According to a newly-published NOAA-led study in Geophysical Research Letters, as the globe warms from rising atmospheric concentrations of greenhouse gases, more moisture in a warmer atmosphere will make the most extreme precipitation events more intense.
The study, conducted by a team of researchers from the North Carolina State University's Cooperative Institute for Climate and Satellites-North Carolina (CICS-NC), NOAA's National Climatic Data Center (NCDC), the Desert Research Institute, University of Wisconsin-Madison, and ERT, Inc., reports that the extra moisture due to a warmer atmosphere dominates all other factors and leads to notable increases in the most intense precipitation rates.
The study also shows a 20-30 percent expected increase in the maximum precipitation possible over large portions of the Northern Hemisphere by the end of the 21st century if greenhouse gases continue to rise at a high emissions rate.
"We have high confidence that the most extreme rainfalls will become even more intense, as it is virtually certain that the atmosphere will provide more water to fuel these events," said Kenneth Kunkel, Ph.D., senior research professor at CICS-NC and lead author of the paper.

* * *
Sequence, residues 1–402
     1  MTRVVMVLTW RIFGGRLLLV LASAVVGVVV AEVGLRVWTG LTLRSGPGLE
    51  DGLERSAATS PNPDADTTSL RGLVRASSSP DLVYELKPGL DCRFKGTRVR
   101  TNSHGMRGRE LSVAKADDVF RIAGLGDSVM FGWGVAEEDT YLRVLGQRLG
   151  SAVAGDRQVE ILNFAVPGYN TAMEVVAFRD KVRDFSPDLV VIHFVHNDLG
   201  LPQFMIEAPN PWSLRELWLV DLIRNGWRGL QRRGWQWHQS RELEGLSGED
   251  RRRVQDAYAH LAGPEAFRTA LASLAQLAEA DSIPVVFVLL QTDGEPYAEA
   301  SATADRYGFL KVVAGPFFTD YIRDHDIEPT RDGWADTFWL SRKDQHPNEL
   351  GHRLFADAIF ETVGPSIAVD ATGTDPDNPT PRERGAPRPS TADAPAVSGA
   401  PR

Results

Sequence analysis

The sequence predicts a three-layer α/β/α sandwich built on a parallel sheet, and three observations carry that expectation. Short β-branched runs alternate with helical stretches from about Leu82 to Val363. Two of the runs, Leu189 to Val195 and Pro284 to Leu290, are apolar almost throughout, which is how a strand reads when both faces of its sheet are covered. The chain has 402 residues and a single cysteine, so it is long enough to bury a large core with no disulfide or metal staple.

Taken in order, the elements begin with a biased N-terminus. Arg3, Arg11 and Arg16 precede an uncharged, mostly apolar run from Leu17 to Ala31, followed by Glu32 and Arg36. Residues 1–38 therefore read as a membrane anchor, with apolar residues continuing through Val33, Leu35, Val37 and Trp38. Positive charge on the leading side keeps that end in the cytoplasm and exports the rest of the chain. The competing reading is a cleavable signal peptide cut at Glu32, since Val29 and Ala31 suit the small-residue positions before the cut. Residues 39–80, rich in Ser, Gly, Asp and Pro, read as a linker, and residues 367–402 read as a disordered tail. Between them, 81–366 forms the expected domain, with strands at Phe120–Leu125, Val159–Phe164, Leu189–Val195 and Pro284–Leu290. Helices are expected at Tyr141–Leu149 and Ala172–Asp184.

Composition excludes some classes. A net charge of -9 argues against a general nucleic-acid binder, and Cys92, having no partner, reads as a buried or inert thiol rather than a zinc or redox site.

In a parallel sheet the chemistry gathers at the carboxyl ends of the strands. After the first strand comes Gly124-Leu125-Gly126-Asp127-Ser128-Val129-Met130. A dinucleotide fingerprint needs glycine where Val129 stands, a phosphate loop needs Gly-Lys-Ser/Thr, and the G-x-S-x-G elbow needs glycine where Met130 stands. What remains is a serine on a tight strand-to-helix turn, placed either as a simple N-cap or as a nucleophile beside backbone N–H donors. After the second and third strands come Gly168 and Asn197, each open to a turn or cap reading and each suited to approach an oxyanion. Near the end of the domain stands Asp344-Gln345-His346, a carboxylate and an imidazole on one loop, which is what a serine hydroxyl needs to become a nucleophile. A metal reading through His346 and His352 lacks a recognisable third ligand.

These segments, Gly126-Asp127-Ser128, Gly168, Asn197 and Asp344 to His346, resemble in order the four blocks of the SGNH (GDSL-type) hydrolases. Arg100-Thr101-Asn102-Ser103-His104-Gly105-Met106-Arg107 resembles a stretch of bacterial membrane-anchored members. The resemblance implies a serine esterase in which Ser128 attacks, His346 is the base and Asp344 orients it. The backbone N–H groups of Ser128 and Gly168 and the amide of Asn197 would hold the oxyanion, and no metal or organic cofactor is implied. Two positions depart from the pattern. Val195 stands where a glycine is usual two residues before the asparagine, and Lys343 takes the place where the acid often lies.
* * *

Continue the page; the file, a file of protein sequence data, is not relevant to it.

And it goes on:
The paper looked at three factors that go into the maximum precipitation value possible in any given location: moisture in the atmosphere, upward motion of air in the atmosphere, and horizontal winds. The team examined climate model data to understand how a continued course of high greenhouse gas emissions would influence the potential maximum precipitation. While greenhouse gas increases did not substantially change the maximum upward motion of the atmosphere or horizontal winds, the models did show a 20-30 percent increase in maximum moisture in the atmosphere, which led to a corresponding increase in the maximum precipitation value.
The findings of this report could inform "design values," or precipitation amounts, used by water resource managers, insurance and building sectors in modeling the risk due to catastrophic precipitation amounts. Engineers use design values to determine the design of water impoundments and runoff control structures, such as dams, culverts, and detention ponds.
"Our next challenge is to translate this research into local and regional new design values that can be used for identifying risks and mitigating potential disasters. Findings of this study, and others like it, could lead to new information for engineers and developers that will save lives and major infrastructure investments," said Thomas R. Karl, L.H.D., director of NOAA's NCDC in Asheville, N.C., and co-author on the paper.
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